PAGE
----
The header file barcode.h:

#ifndef   BARCODE_H
#define   BARCODE_H
#include <stdlib.h>
#include <signal.h>

/* This flags turns nonzero if any signal
 * installed with install_done is caught.
*/
extern volatile sig_atomic_t done;

/* Install signals that set 'done'.
*/
int install_done(const int signum);

/* Barcode device description.
 * Do not meddle with the internals;
 * this is here only to allow you
 * to allocate one statically.
*/
typedef struct {
    int             fd;
    volatile int    timeout;
    timer_t         timer;
} barcode_dev;

/* Close a barcode device.
 * Returns 0 if success, nonzero errno error code otherwise.
*/
int barcode_close(barcode_dev *const dev);

/* Open a barcode device.
 * Returns 0 if success, nonzero errno error code otherwise.
*/
int barcode_open(barcode_dev *const dev, const char *const device_path);

/* Read a barcode, but do not spend more than maximum_ms.
 * Returns the length of the barcode read.
 * (although at most length-1 characters are saved at the buffer,
 *  the total length of the barcode is returned.)
 * errno is always set; 0 if success, error code otherwise.
 * If the reading timed out, errno will be set to ETIMEDOUT.
*/
size_t barcode_read(barcode_dev *const dev,
                    char *const buffer, const size_t length,
                    const unsigned long maximum_ms);

#endif /* BARCODE_H */

The implementation in the following barcode.c file currently accepts only digits (0 through 1), but it should be trivial to add any other necessary keys (like KEY_A through KEY_Z). The current one ignores shift, control, et cetera, as they are not provided by any scanners as far as I know. It uses SIGRTMAX-0 realtime signal and a custom timer per barcode device to read barcodes, so you'll need to link it against librt (-lrt):

#define  _POSIX_C_SOURCE 200809L
#include <stdlib.h>
#include <unistd.h>
#include <sys/types.h>
#include <sys/stat.h>
#include <sys/ioctl.h>
#include <fcntl.h>
#include <signal.h>
#include <time.h>
#include <linux/input.h>
#include <string.h>
#include <stdio.h>
#include <errno.h>

/* Link against the rt library; -lrt. */

#define UNUSED          __attribute__((unused))
#define TIMEOUT_SIGNAL  (SIGRTMAX-0)

/*
 * done - flag used to exit program at SIGINT, SIGTERM etc.
*/

volatile sig_atomic_t done = 0;

static void handle_done(int signum UNUSED)
{
    done = 1;
}

int install_done(const int signum)
{
    struct sigaction act;
    sigemptyset(&act.sa_mask);
    act.sa_handler = handle_done;
    act.sa_flags = 0;
    if (sigaction(signum, &act, NULL) == -1)
        return errno;
    return 0;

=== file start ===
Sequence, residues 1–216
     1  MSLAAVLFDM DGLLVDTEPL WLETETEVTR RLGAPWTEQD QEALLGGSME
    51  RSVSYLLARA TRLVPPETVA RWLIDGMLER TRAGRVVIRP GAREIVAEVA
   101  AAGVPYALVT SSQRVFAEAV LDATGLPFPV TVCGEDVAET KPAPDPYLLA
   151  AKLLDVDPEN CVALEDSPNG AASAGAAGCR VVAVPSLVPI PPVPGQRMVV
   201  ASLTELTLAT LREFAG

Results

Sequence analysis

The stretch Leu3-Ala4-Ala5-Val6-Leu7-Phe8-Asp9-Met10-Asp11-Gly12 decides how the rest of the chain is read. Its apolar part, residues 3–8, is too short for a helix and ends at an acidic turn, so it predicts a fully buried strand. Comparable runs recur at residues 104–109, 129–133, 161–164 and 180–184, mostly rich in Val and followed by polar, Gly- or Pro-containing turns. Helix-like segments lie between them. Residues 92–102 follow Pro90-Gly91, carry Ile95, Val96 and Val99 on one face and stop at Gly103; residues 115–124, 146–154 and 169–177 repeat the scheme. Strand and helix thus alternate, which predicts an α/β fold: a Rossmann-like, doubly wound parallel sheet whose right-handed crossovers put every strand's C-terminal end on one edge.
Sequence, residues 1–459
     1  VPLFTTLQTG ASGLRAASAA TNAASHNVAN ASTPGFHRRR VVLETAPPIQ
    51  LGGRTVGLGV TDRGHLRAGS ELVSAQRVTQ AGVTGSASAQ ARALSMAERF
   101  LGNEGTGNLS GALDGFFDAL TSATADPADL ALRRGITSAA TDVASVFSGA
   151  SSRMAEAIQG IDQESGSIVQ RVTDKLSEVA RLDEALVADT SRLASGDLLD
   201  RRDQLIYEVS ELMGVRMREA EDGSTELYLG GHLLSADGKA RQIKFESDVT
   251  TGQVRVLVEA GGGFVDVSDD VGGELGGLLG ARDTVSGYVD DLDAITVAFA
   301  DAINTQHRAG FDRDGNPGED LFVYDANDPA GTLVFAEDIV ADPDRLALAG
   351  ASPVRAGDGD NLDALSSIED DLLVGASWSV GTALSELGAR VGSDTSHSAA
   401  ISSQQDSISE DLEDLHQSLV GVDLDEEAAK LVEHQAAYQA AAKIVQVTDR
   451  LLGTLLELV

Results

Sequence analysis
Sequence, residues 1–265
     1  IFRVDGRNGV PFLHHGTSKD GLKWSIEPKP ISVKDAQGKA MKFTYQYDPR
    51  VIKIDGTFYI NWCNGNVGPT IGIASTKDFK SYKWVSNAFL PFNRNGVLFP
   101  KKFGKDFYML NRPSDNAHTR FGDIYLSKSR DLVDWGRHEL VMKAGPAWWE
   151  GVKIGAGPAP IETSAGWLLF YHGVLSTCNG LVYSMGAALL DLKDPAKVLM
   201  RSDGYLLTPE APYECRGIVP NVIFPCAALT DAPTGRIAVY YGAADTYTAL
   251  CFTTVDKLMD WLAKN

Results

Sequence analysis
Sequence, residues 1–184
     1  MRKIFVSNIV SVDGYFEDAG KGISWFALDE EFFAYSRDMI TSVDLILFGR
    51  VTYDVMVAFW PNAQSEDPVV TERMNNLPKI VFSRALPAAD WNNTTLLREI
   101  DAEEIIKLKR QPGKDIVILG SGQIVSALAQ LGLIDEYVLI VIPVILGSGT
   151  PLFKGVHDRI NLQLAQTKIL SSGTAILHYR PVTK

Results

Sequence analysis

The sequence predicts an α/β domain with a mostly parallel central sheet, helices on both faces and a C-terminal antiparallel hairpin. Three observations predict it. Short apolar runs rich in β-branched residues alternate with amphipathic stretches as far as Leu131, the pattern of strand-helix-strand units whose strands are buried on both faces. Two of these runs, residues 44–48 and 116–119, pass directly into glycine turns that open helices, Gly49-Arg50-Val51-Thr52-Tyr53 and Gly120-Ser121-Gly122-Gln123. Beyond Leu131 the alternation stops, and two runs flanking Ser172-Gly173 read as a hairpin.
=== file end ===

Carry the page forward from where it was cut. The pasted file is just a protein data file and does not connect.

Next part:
}

/*
 * Barcode input event device, and associated timeout timer.
*/

typedef struct {
    int             fd;
    volatile int    timeout;
    timer_t         timer;
} barcode_dev;

static void handle_timeout(int signum UNUSED, siginfo_t *info, void *context UNUSED)
{
    if (info && info->si_code == SI_TIMER && info->si_value.sival_ptr)
#if __GNUC__ > 4 || (__GNUC__ == 4 && __GNUC_MINOR__ >= 7)
        __atomic_add_fetch((int *)info->si_value.sival_ptr, 1, __ATOMIC_SEQ_CST);
#else
        __sync_add_and_fetch((int *)info->si_value.sival_ptr, 1);
#endif
}

static int install_timeouts(void)
{
    static int installed = 0;

    if (!installed) {
        struct sigaction act;
        sigemptyset(&act.sa_mask);
        act.sa_sigaction = handle_timeout;
        act.sa_flags = SA_SIGINFO;
        if (sigaction(TIMEOUT_SIGNAL, &act, NULL) == -1)
            return errno;
        installed = 1;        
    }

    return 0;
}

int barcode_close(barcode_dev *const dev)
{
    int retval = 0;

    if (!dev)
        return 0;

    if (dev->fd != -1)
        if (close(dev->fd) == -1)
            retval = errno;

    dev->fd = -1;

    if (dev->timer)
        if (timer_delete(dev->timer) == -1)
            if (!retval)
                retval = errno;

    dev->timer = (timer_t)0;

    /* Handle all pending TIMEOUT_SIGNALs */
    while (1) {
        struct timespec t;
        siginfo_t info;
        sigset_t s;

        t.tv_sec = (time_t)0;
        t.tv_nsec = 0L;
        sigemptyset(&s);

        if (sigtimedwait(&s, &info, &t) != TIMEOUT_SIGNAL)
            break;

        if (info.si_code != SI_TIMER || !info.si_value.sival_ptr)
            continue;

#if __GNUC__ > 4 || (__GNUC__ == 4 && __GNUC_MINOR__ >= 7)
        __atomic_add_fetch((int *)info.si_value.sival_ptr, 1, __ATOMIC_SEQ_CST);
#else
        __sync_add_and_fetch((int *)info.si_value.sival_ptr, 1);
#endif
    }

    return errno = retval;
}

int barcode_open(barcode_dev *const dev, const char *const device_path)
{
    struct sigevent event;
    int fd;

    if (!dev)
        return errno = EINVAL;

    dev->fd = -1;
    dev->timeout = -1;
    dev->timer = (timer_t)0;